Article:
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Industry News: Controversial Robert Jordan Book Debuts at No 1 on NYT List

January 19, 2013

Robert Jordan

Last week we spoke about the negative reviews Robert Jordan’s posthumous A Memory of Light got on Amazon, solely because of the decision taken by his widow Harriet McDougal’s decision to delay release of the e-book until April. McDougal said her decision was made because she didn’t want e-book sales to siphon off hardcover sales because she wanted this book, like the others in the Wheel of Time series to hit number 1. Others think she didn’t want e-book sales to siphon off hardcover sales because the hardcover costs $34.99 (but is easily available at heavy discounts).

As of the writing of this blog post, there were 272 one-star reviews (out of 715 total reviews). The average review was 3.3 stars out of 5, which is pretty good, considering more than a third of the reviews are the lowest possible.

In other words, it ain’t cheatin’ if you don’t get caught.

And basically, Harriett McDougal got away with it. In spite of the overwhelming number of negative reviews, the book is number one on the New York Times bestseller list. Last week, we talked about how the one-star reviews were widely posted by people who hadn’t read the book and how that may or may not be appropriate. This week, it appears that all the one-star reviews did nothing to dampen sales of the book.

Does that mean that on-line reviews don’t matter? It is an indication that all the hoopla about fake reviews and one-star reviews by people objecting to something other than the content or physical construction of the book aren’t that big a deal?

Sure. If you’re Robert Jordan and your books is the finale of a popular series you can get away with it. If you’re Stephen King, you can get away with it. Or JK Rowling, or even the estate of Robert B. Parker. Those people transcend the label of writer and are really more of a brand. Last week, when more than half of the reviews for Jordan’s book were one-star, it easily survived. You and I probably aren’t that lucky.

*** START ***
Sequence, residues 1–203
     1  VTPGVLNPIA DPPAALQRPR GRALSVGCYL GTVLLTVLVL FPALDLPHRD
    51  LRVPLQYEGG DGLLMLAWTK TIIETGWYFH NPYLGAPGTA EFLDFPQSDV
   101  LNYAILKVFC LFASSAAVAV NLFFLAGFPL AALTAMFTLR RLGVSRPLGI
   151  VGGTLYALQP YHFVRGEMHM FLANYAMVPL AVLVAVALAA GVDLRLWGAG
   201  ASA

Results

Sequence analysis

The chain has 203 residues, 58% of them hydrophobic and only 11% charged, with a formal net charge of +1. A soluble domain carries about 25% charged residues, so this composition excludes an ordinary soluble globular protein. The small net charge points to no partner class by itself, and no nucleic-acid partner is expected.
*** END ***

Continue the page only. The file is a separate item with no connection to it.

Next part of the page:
Then again, you and I probably wouldn’t get 272 one-star reviews, either. But for us, ten one-star reviews could be damaging. And for us, publication decisions aren’t likely to be made based on our spouse’s wishes. Someone at the publisher is more likely to make that decision, making any one-star reviews based on price or availability (or another writer’s fake one-star reviews) especially troubling.

For most of us, online reviews count.

  1. judichesley permalink
    January 19, 2013 7:39 am

    Or! People who buy books can read, and they read the reviews and saw that they weren’t about the book, but instead about the price. Don’t underestimate your own audience. People go by more than the star. The false reviews by people dissing the CONTENT are different from dissing the PRICE. It’s apples and oranges.

  2. Suzanna Crean permalink
    January 19, 2013 10:19 am

    I see nothing wrong in what she did. A writer or his rep has the right to make a decision about how the book is published…and making money is the name of the game. You sell it where you can make the most.

    Wouldn’t you do the same thing?

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